In an unprecedented move, authorities in Brazil have requested the extradition of former Paraguay President Horacio Cartes to face money laundering charges related to the sweeping Odebrecht scandal, raising questions about how the case may now proceed.
Cartes, who served as Paraguay’s head of state between 2013 and 2018, is alleged to have sent $500,000 to a money launderer identified as his “soul brother,” Dario Messer, a Brazilian businessman and financial operator who was formerly a naturalized citizen of Paraguay, Brazil’s Attorney General’s Office announced November 19.
Prosecutors allege that Messer headed a sophisticated money laundering network that reportedly washed some $1.6 billion through thousands of offshore accounts in more than 50 countries. The money Cartes provided to Messer was reportedly to help him avoid capture. However, Brazilian authorities arrested Messer in July of this year for money laundering, charges he also faces in Paraguay.
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This extradition request makes Paraguay the latest country to be ensnared by the infamous Operation Car Wash (Operação Lava Jato) probe. The far-reaching corruption investigation centers around allegations that Brazil’s state-owned oil giant Petrobras granted overpriced contracts to a cartel of construction companies, which then used the money to doll out kickbacks to oil executives and politicians.
In total, Odebrecht admitted to paying around $800 million in bribes to government officials and political elites across Latin America to secure the contracts. Related investigations have implicated four former Peruvian presidents and the administration of former Ecuador President Rafael Correa, among others.
Lawyers for the former Paraguayan president have since submitted a writ of habeas corpus to the court to contest his extradition request, Ultima Hora reported.
InSight Crime Analysis
The request by Brazil is extraordinary as it marks the first time a country in Latin America has requested the extradition of a neighbor's former head of state, suggesting that Brazilian authorities are confident they have strong enough evidence to convict Cartes.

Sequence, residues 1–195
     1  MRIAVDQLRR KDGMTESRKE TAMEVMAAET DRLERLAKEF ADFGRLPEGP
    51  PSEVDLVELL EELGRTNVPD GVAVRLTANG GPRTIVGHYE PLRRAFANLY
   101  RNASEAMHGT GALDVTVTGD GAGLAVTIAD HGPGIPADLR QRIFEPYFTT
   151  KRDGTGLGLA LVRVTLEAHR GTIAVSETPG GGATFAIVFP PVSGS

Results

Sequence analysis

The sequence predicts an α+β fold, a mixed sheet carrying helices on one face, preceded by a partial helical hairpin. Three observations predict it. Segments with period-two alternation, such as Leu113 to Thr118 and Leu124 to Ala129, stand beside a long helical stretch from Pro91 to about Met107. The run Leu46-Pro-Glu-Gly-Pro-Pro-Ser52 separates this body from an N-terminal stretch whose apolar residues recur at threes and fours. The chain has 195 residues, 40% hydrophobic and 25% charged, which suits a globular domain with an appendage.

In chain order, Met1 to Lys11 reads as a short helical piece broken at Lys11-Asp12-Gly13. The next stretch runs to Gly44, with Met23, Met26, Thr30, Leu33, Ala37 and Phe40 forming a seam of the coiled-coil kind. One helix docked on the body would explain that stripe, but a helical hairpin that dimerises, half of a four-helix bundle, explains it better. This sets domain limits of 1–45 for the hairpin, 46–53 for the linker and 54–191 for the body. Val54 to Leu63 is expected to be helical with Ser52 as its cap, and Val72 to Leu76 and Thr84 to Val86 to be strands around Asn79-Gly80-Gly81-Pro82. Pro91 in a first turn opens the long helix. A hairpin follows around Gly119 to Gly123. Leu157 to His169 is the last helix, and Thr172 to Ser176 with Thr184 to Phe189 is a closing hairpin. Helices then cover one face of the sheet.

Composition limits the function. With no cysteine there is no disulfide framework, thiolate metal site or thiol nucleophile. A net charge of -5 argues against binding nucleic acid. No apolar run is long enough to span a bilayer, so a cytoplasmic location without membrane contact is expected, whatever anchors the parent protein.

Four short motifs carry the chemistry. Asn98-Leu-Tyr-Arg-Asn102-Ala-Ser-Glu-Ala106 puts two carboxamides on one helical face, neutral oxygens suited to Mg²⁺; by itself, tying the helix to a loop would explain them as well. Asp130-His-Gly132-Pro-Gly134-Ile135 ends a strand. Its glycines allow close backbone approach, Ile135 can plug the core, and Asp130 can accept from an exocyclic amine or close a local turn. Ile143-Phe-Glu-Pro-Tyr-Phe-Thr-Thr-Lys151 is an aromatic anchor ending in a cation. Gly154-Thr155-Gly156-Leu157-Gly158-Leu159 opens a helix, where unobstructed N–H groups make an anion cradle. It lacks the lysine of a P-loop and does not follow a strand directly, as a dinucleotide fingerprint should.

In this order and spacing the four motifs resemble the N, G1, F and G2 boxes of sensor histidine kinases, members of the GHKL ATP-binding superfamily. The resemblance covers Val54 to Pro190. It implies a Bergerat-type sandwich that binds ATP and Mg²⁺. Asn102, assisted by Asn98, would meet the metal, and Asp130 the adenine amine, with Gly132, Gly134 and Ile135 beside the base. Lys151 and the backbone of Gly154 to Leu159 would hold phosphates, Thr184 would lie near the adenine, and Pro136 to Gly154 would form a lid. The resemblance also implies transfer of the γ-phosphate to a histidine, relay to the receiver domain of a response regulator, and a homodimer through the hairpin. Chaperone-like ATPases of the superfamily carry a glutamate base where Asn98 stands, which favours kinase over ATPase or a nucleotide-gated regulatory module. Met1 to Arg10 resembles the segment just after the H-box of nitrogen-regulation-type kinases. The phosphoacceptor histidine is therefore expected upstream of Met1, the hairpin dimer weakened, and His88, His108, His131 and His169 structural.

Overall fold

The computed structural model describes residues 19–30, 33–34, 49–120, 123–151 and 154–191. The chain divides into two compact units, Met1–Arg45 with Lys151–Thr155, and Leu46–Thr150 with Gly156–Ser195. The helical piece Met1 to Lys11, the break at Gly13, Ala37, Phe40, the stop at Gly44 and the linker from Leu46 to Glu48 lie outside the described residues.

The extradition request from Brazilian authorities is just the latest allegation that ties Cartes to yet another vast criminal network, and it’s unlikely that local authorities will dispute the order.
The former head of state has been accused of having ties to powerful criminal groups operating in the Brazil-Paraguay border region, as well as having intimate links to the sale of contraband cigarettes in Brazil and elsewhere across Latin America. In January 2018, for example, authorities in Brazil seized 500 boxes of contraband cigarettes originating from the Tabacalera del Este company, which is owned by Cartes' family.
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But despite this, prosecutors in Brazil seem to only have two pieces of hard evidence: a letter Messer allegedly wrote to Cartes asking for money to cover his legal fees, and a couple of WhatsApp messages found on Messer’s seized cell phone that authorities claim confirm Cartes had in fact delivered the $500,000 to him, according to the local Paraguayan media organization Hoy.
Nevertheless, if proven to be true, the case would also give a new international dimension to the Lava Jato probe. Messer would have roped into his money-laundering scheme not just officials from Brazil, but also Paraguay.
However, it remains unclear where the investigation will go from here.
Lava Jato lost significant credibility after a damning investigation from The Intercept in June of 2019 revealed that it was manipulated by prosecutors, including current Justice Minister Sergio Moro, to target political opponents.